Alberto García is Assistant Professor of History at San José State University.
Abandoning Their Beloved Land offers an essential new history of the Bracero Program, a bilateral initiative that allowed Mexican men to work in the United States as seasonal contract farmworkers from 1942 to 1964. Using national and local archives in Mexico, historian Alberto García uncovers previously unexamined political factors that shaped the direction of the program, including how officials administered the bracero selection process and what motivated campesinos from central states to migrate. Notably, García’s book reveals how and why the Mexican government’s delegation of Bracero Program–related responsibilities, the powerful influence of conservative Catholic opposition groups in central Mexico, and the failures of the revolution’s agrarian reform all profoundly influenced the program’s administration and individuals’ decisions to migrate as braceros.
Tell us about your journey to your current position as an Assistant Professor of History at San Jose State University. What motivated you to become an academic, and to focus on Latin American history with an emphasis on 20th-century Mexico?
History was always my favorite subject when I was growing up. But I took a special interest in Latin American, and specifically twentieth-century Mexican, history because of my family’s background. I’m a first-generation US citizen whose parents migrated to California from the Mexican state of Michoacán. Fortunately, my family was able to make trips to our hometown during the winter holidays when I was growing up, and that gave me the opportunity to meet two of my maternal great-grandparents. They were born at the turn of the twentieth century, and their stories, along with those of my grandparents and parents, sparked my initial curiosity in the Mexican twentieth century.
Later on, when I was in middle school, my future brother-in-law gave me one of his college textbooks about Mexican history, and that further fueled my interest. I eventually enrolled at the University of California, Davis as an undergraduate history major specializing in Latin America. And it was then, thanks to Charles Walker, my advisor, that I first considered making history my profession. Charles regularly told me that my work was graduate level quality, and after hearing that several times, I asked him what specifically he meant by that. He told me that he believed that I had the skills to thrive in graduate school and become an academic, and he encouraged me to begin applying to graduate programs. I did, and I eventually earned admission to the History Department at the University of California, Berkeley, where I was fortunate enough to be mentored by Margaret Chowning.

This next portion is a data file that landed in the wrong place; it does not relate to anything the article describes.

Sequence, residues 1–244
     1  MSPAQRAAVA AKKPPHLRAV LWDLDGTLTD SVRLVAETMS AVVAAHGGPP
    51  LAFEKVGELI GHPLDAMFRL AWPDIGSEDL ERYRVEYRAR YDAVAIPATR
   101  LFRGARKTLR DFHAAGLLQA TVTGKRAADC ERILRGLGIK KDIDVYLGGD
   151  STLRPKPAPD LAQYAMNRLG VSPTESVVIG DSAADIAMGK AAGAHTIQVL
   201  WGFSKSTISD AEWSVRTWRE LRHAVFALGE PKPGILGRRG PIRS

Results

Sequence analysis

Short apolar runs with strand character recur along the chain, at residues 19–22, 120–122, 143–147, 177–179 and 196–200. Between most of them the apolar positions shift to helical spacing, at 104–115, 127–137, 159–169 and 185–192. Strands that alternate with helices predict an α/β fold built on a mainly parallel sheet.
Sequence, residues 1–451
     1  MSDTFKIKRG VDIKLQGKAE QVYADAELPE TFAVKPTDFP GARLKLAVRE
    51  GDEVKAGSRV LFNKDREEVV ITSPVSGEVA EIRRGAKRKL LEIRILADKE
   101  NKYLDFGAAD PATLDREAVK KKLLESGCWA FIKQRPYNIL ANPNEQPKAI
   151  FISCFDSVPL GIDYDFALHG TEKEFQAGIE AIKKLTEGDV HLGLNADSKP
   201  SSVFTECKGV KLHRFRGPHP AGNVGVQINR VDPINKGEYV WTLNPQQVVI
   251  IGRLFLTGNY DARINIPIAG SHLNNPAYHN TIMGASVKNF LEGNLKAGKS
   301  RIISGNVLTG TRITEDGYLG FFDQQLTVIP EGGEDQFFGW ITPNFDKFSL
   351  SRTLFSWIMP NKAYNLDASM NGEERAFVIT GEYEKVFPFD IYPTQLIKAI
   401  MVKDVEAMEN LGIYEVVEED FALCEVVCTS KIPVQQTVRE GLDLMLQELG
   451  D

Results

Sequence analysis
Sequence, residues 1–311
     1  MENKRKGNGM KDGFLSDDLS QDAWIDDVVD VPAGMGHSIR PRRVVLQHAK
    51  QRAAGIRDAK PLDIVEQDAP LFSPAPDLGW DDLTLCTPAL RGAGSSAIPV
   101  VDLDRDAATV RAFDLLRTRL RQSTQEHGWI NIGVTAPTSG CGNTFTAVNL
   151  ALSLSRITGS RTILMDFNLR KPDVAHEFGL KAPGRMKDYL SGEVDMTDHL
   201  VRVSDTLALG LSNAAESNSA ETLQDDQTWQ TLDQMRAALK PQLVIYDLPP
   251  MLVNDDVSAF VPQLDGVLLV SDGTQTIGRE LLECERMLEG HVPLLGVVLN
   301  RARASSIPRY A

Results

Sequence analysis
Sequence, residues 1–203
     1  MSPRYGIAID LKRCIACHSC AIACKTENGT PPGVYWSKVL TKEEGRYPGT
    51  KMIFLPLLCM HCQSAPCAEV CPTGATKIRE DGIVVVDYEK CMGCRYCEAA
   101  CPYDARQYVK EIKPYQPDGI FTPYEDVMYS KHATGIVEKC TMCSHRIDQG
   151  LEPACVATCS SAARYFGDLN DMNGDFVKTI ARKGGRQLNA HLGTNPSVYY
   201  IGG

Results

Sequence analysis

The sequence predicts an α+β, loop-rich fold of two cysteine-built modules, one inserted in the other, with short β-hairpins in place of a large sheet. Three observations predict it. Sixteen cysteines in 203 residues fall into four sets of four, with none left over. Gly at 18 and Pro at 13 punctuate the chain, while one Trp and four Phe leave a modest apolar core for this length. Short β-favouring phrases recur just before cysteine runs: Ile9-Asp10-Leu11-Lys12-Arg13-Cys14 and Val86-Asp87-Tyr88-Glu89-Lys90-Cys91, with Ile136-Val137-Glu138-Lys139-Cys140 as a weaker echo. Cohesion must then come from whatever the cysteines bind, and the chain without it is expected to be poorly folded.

After receiving my Ph.D. at Berkeley, I completed a one-year postdoctoral position at the University of Texas at Austin’s Institute for Historical Studies, and I then joined the faculty at San José State University as an Assistant Professor of History.
What was the process like to publish your book, Abandoning Their Beloved Land? What helped you the most along the way?
The publication process for me was relatively smooth and straightforward, and that is all thanks to the amazing University of California Press editors I worked with, specifically Kate Marshall, Enrique Ochoa-Kaup, and Jeff Anderson. Kate was my first contact at UC Press, and shortly after I submitted my book proposal to her, she reached out to detail the entire process and timeline, explain what would be expected of me, and describe what role she and the rest of the staff at the press would play. This was especially reassuring because I submitted my book proposal in the summer of 2020, that is, in the midst of the initial heights of the COVID-19 pandemic.
Kate and Enrique guided me through the initial manuscript submission and review process, the submission of my revised manuscript, and the vote by the editorial board that formally approved my manuscript for publication. They were both kind and conscientious at each step of the process, and one or both of them always responded quickly whenever I had any questions or concerns that needed to be addressed.
Once the manuscript shifted into production, Jeff guided me through that process with the same kindness and expertise that Kate and Enrique had shown me during the submission and revision phase. He clearly communicated what deadlines I had to meet for the submission of my copyedit and page proof revisions, recommended indexers that I could hire, and answered any and all questions that I had during the final steps of the process.
Having gone through the process yourself, what advice do you have for other first-generation scholars who may still be starting out?
My biggest piece of advice to other first-generation scholars is: if you have questions about the publication process (which I certainly did at the beginning) do not be afraid to ask them! These questions can be addressed to faculty mentors and/or peers who have already published books, or the acquisitions editors at presses that you are considering submitting proposals to. In my experience, there are plenty of folks who are more than happy to answer questions and clarify what the publication process actually entails.
What does supporting first-gen scholars mean to you?
It means being as available as I can to answer questions. Having now published a book, I think that the most important thing I can do is answer questions and sharing my experiences in spaces like this blog.